Friends, I am looking for your thoughts on the following question.
I teach a course on Indian philosophy as part of my own course rotation, and as a rule, I frame most of the major subdivisions of the course according to major philosophical categories: epistemology, metaphysics, ethics. Under the ethics heading, I tend to focus on yogic ways of life, mindfulness, and the ways that contemplative practices speak to the good life (part of the reason for this focus is that many students are interested in the course because of some background connection to yoga). But I start by talking about the 4 goals of life, and thinking about how each of them speak to the question of ethics.
So, we all know the old saw about Indian philosophy proper being more focused on M&E and language than ethics. Has anyone found work on, say, the dharma-śāstras that is philosophical and can be easily incorporated into the undergraduate philosophy classroom? Or artha or kāma? Or sacrifice? I find that when I discuss them, I am doing a lot of talking and framing, and proposing discussion ideas, but I am not tying them to readings the way I do for the other topics in the course.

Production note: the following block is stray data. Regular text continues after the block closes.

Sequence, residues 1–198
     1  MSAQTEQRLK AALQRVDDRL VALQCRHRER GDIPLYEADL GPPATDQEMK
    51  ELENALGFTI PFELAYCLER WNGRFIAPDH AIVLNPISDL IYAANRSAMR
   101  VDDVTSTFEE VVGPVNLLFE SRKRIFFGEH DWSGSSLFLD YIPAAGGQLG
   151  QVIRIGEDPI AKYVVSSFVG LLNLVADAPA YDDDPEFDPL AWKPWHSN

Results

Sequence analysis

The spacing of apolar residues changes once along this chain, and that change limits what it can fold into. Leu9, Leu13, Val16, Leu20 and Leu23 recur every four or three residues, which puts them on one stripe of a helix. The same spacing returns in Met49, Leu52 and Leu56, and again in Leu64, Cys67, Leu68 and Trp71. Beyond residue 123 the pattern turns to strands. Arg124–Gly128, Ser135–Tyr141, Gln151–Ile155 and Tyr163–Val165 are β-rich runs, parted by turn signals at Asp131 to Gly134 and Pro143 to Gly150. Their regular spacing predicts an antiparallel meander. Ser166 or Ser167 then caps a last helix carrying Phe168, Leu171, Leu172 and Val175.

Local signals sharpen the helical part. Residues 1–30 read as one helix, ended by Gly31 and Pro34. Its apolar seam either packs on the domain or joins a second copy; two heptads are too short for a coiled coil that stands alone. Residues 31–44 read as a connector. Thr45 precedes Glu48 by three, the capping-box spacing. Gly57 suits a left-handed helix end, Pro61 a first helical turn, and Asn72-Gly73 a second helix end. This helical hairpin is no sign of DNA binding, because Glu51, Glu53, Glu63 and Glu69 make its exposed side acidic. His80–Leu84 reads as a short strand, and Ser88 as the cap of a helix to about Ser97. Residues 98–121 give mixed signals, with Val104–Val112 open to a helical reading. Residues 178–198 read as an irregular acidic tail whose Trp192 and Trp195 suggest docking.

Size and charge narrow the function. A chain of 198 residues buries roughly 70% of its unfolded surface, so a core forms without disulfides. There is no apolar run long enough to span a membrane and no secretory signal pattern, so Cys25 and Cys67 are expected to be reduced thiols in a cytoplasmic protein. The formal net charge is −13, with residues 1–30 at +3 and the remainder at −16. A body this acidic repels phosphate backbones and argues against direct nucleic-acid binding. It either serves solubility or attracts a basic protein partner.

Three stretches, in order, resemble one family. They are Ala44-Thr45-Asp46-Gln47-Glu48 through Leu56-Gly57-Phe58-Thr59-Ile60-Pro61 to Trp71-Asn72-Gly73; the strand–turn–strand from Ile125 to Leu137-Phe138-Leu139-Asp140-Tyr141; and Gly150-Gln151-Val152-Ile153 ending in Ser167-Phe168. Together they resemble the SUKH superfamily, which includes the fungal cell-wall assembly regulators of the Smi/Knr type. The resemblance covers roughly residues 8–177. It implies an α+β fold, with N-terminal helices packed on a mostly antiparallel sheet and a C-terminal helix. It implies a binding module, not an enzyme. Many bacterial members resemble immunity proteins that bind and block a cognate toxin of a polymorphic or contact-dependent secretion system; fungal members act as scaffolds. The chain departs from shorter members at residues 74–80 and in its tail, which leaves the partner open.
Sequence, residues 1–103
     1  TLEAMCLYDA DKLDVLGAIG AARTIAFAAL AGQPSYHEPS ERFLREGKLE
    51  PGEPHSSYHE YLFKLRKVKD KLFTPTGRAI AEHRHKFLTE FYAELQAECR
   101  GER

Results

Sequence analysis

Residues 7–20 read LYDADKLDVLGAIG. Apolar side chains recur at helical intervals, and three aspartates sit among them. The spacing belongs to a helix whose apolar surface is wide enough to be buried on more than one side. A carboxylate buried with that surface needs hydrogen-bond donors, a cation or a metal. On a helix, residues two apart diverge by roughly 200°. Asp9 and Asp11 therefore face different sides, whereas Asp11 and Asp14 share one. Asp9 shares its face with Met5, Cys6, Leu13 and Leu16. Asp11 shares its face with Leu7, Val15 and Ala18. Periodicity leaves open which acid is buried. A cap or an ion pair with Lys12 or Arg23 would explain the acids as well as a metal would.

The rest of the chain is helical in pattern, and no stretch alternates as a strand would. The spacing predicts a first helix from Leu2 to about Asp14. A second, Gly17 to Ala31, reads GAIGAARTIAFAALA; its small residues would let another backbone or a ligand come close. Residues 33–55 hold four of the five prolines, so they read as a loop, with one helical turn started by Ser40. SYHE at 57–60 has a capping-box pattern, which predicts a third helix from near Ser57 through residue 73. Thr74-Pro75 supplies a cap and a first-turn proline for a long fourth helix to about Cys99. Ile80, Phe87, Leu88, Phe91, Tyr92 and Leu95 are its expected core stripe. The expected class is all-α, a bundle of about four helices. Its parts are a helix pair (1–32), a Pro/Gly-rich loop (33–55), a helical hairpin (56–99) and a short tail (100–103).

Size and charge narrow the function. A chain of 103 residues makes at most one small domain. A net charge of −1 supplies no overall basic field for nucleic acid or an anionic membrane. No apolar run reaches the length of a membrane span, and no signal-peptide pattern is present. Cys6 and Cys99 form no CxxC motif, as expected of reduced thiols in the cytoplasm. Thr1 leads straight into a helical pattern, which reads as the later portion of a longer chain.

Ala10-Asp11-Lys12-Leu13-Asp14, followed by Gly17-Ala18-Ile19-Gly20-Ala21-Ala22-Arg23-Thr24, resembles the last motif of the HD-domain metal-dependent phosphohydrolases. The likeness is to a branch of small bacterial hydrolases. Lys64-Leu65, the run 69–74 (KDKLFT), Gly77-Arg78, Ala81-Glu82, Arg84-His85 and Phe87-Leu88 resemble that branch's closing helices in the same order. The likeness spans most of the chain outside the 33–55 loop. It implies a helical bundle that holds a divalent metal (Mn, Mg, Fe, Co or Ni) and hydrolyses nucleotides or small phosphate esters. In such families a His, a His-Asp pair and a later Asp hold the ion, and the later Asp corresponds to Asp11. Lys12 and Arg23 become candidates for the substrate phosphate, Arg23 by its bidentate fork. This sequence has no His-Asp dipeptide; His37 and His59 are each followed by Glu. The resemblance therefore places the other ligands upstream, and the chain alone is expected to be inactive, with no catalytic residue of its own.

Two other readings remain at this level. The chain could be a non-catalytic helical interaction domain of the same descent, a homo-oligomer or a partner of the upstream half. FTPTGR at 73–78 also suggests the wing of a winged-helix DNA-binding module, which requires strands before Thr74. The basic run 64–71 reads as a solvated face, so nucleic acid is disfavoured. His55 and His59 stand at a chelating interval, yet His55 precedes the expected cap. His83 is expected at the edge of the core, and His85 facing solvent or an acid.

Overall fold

Any suggestions on how we can avoid ignoring the other aspects of Indian ethics in the undergraduate classroom?
(Associated reading: Joel Kupperman has persuasively argued that part of Confucius’ contribution to world philosophy is to show that personal style is not divorced from ethics. Maybe we need to think more broadly as we reflect on ethics in India).